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Roundup of Page Speed Optimization Practices

Two Simple Techniques to Increase Website Speed

Why should you care about slow loading Web pages? The answer is simple - pages that take too long to fully load suffer from lower overall engagement and have a lower chance of achieving a competitive placement on search engines.

As the size and complexity of websites keeps increasing it becomes increasingly important for webmasters to engage in techniques to optimize the speed at which their website and Web pages load. While there are a few tricks to make it "seem" like Web pages aren't taking forever (e.g., user experience design techniques such as the use of skeleton screens), there's no replacement for employing now well established techniques to truly increase the real loading speed of a digital experience.

Before sharing some the actual techniques, do consider if a content delivery network or CDN can help. A CDN essentially transfers static files to servers that are closer to users requesting them, improving Web page load times - in some cases dramatically - in the process. While most appropriate for larger websites looking to make performance (speed) improvements, more and more website are using them as the cost is decreasing along with the complexity of use making them a feasible option for almost every website regardless of the software (content management or e-commerce system) they are using.

Page speed optimization can be complicated, but here are two very simple ways that websites can increase their loading times speed and improve users's digital experience, perhaps even their SEO rankings, in the process:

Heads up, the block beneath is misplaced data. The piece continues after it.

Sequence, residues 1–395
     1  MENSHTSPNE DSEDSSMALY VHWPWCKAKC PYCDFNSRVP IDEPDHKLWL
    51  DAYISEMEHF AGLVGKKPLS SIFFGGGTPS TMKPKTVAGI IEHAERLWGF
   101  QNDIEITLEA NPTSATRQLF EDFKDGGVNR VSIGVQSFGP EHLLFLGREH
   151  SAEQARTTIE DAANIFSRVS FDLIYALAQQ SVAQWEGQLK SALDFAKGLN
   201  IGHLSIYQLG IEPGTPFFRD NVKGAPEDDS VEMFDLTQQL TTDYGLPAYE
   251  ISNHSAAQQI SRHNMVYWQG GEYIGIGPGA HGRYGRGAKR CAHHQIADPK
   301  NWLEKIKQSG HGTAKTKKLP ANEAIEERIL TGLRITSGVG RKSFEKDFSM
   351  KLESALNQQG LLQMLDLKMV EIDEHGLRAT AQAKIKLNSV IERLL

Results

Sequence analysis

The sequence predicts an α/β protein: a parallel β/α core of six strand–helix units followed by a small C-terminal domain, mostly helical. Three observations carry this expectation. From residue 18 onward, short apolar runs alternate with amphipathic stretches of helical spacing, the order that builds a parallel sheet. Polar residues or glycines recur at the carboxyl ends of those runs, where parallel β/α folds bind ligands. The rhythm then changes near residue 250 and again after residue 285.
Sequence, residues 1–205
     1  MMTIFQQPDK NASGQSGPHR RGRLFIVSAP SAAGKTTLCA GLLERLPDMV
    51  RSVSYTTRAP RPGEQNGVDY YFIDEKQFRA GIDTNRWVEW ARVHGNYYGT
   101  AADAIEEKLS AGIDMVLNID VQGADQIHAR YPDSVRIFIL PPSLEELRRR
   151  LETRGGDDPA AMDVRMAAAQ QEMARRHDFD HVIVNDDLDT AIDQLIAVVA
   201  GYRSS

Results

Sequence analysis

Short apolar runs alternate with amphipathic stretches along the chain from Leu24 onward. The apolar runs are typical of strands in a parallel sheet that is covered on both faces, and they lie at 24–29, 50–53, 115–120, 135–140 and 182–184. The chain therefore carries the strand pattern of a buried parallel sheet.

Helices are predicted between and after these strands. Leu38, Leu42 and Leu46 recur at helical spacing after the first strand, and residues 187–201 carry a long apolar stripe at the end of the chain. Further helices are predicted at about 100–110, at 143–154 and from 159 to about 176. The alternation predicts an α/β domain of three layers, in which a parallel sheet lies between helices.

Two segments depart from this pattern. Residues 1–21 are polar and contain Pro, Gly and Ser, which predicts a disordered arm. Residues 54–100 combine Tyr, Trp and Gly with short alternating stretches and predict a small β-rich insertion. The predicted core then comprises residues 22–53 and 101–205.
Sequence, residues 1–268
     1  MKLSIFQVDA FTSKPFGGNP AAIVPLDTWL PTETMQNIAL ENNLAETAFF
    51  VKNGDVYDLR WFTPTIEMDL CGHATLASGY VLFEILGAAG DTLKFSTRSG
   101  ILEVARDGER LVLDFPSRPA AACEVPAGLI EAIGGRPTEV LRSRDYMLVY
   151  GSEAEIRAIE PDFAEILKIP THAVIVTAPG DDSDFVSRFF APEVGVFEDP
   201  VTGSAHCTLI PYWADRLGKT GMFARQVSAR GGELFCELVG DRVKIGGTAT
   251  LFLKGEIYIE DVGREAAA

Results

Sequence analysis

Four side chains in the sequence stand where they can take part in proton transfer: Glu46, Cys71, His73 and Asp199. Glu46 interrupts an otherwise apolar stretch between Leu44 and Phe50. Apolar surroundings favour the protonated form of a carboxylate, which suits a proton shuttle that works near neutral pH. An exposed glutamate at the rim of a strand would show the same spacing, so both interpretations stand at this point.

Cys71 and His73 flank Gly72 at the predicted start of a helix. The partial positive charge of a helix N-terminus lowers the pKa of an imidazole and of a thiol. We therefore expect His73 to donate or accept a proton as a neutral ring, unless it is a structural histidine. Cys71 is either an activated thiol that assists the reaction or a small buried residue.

+ IMAGE OPTIMIZATION: Visual assets are notorious for slowing down Web pages but there are some simple and straightforward techniques that can be employed to prevent them from negatively impacting the user experience. Using the right format (JPGs for high quality images, PNG format for everything else - and avoid TIF's at all cost) is the first and arguably most important step. There are numerous solutions to help webmasters compress their images down to a respectable size.

+ CODE MINIFICATION: Despite designers' and developers' best intentions, CSS and JavaScript code can easily become bloated. Minification removes unnecessary characters (whitespace characters, new line characters, comments, block delimiters, etc.) and can improve the load time of web pages considerably. Minification can wreak havoc on design elements so make sure to test functionality and review appearance before going live.

There are still other approaches that can be used to reduce page loading times and increase website speed including leveraging browser caching (setting an expiry date or maximum age in the HTTP headers for static resources), improving server response time (which may require either switching Web hosting providers or working with the software platform to optimize resources), and removing any render-blocking JavaScript (one effective way without resorting to inline JavaScript is to make it asynchronous).

Increasing website speed is an ongoing process. The smartest and savviest thing you can do is to set a benchmark, understand what users are experiencing in terms of page load speeds, and continually work to make improvements.

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